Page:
Donovan Upset As Gators Go Sloppy In 2nd Half

By the time the first half mercifully came to an end, the Florida Gators had proven Tuesday night that just because you don't see Walsh, Roberson or Lee on the O'Connell Center floor doesn't mean there is a talent vacuum. The Gators still have plenty of people who can score, rebound and play pretty good defense.

Talent wasn't the issue for Division I Florida, which opened its quest for an eighth straight 20-win, NCAA Tournament season with an 86-48 exhibition game victory over the NAIA Division II Embry-Riddle Eagles before a crowd of 7,222 at the O'Connell Center. The Gators were simply overwhelming in a first half that saw everything from perfect execution of the basic fundamentals to sheer athleticism that the Eagles will not have to see again this year.

Florida played the big bully in the first half, outscoring the Eagles 44-10 in the final 15 minutes to streak to a 53-17 halftime lead. The Gators played that first half with the kind of intensity that Coach Billy Donovan was looking for in Florida's first chance to go against someone other than themselves in the practice gym.

The first half was just fine. It was the second half that soured his mood. The Gators went from playing like a team with plenty of raw talent, speed and athleticism to one that looked like a team that is dominated by seven freshmen and sophomores among the nine scholarship players who dressed for the game. With senior Adrian Moss sidelined for another six weeks with a knee injury, the Gators were very, very young.

"Our guys played a great, great first half," said Donovan. "I was really proud of them. We defended well, they were 1-10 from the three-point line, we scored 53 points, we moved the ball and we had balanced scoring. There were a lot of good things in the first half."

There were good things like Joakim Noah and Al Horford playing solid defense and scoring on the inside on a variety of dunks and short range shots. There was Lee Humphrey hitting four three-point shots in the first half and Taurean Green with six first half assists. Freshmen Walter Hodge and David Huertas showed a nice touch from beyond the arc, both hitting open three-pointers. Chris Richard helped dominate the boards and Corey Brewer picked up where he left off last year, all over the court defensively and quick and explosive offensively.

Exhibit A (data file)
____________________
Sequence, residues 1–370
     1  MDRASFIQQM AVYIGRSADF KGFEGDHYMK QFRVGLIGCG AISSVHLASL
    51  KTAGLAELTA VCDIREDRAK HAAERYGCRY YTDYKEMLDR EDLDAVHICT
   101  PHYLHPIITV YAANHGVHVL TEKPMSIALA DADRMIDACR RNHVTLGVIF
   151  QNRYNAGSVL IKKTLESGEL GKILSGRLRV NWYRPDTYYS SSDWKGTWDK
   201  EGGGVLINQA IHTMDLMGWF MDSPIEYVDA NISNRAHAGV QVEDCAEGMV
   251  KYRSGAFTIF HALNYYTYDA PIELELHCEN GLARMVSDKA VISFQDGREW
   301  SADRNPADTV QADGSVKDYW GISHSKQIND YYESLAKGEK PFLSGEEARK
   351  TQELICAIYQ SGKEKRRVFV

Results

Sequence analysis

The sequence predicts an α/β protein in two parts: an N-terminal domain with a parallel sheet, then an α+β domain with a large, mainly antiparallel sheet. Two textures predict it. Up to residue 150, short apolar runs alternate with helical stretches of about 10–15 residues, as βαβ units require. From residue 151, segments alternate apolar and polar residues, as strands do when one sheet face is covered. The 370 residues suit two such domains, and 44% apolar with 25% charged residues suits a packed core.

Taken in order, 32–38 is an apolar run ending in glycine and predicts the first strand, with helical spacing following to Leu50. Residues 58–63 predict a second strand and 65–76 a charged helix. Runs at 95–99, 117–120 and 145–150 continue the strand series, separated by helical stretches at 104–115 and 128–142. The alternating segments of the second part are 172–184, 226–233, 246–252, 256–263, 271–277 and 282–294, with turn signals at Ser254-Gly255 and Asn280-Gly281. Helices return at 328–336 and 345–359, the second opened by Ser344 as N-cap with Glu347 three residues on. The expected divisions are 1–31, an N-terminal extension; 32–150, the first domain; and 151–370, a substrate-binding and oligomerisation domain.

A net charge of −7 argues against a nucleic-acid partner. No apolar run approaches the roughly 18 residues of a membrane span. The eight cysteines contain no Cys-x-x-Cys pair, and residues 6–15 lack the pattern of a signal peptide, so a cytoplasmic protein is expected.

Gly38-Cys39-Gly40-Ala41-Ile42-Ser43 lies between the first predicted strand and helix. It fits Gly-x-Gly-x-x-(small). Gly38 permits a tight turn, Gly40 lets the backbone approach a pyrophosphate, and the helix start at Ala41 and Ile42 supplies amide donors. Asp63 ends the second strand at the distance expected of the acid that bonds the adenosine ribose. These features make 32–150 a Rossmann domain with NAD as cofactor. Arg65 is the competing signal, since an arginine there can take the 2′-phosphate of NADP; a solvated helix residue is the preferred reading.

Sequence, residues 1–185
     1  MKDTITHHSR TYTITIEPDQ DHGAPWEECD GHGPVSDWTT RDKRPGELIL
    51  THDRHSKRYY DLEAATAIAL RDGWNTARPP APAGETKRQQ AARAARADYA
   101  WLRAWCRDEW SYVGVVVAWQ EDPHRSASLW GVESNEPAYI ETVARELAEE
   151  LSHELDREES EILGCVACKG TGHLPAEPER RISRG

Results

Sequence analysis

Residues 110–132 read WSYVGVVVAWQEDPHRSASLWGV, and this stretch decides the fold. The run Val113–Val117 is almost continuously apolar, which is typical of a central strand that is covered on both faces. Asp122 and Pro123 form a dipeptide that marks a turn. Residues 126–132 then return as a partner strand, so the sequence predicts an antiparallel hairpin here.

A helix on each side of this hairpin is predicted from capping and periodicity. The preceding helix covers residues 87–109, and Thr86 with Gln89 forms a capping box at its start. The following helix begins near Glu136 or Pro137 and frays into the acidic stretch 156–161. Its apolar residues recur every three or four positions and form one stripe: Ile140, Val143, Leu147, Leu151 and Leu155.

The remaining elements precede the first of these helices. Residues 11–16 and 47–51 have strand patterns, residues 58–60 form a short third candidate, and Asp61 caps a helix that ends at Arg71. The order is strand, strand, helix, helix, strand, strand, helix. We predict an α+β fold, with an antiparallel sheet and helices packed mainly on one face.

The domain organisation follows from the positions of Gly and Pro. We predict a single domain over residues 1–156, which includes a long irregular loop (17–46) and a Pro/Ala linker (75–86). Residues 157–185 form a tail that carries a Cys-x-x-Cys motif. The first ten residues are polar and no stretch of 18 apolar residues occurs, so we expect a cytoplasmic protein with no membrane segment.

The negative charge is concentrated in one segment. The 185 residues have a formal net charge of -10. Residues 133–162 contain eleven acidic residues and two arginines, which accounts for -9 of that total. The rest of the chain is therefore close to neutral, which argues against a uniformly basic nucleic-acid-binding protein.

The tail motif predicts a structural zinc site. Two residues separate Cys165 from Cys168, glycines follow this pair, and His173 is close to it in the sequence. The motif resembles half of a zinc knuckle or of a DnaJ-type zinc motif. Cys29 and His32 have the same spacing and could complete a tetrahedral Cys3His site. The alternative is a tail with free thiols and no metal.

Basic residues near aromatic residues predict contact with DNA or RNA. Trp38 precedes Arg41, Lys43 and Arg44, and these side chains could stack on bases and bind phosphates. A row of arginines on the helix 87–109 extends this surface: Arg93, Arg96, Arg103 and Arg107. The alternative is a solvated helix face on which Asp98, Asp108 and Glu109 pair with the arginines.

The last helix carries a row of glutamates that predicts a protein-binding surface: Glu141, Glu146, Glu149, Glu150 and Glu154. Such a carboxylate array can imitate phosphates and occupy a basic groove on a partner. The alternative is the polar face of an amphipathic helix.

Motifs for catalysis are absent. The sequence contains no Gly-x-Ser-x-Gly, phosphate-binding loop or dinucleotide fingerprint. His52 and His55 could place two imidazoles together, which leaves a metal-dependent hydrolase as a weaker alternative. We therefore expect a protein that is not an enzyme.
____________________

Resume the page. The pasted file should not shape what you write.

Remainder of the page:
"As pleased as I was with them in the first half, I was just that disappointed in the second half," said Donovan. "I thought we really showed a sign of immaturity in the second half."

Florida started the second half in similar fashion, scoring the first seven points to stretch the lead to 60-17 but that's when boredom set in. Embry Riddle outscored the Gators 31-26 in the final 18 minutes of very sloppy basketball.

"I didn't like our focus there and to me as a coach it gives me something else to get on them about and that's the reality of it," said Donovan. "I'm not blind or creating stuff. We turned the ball over 12 times and we didn't take advantage of the break as well as we needed to and our defensive focus wasn't there."

The way the Gators played in the second half will serve as a learning curve opportunity for Donovan and his coaching staff. Florida will use the Wednesday and Thursday practices to iron out the problem areas before the Gators take the court again for exhibition game number two Friday night against West Florida at the O'Connell Center. The Gators play their first game that actually counts next Wednesday night at the O'Connell Center against St. Peter's.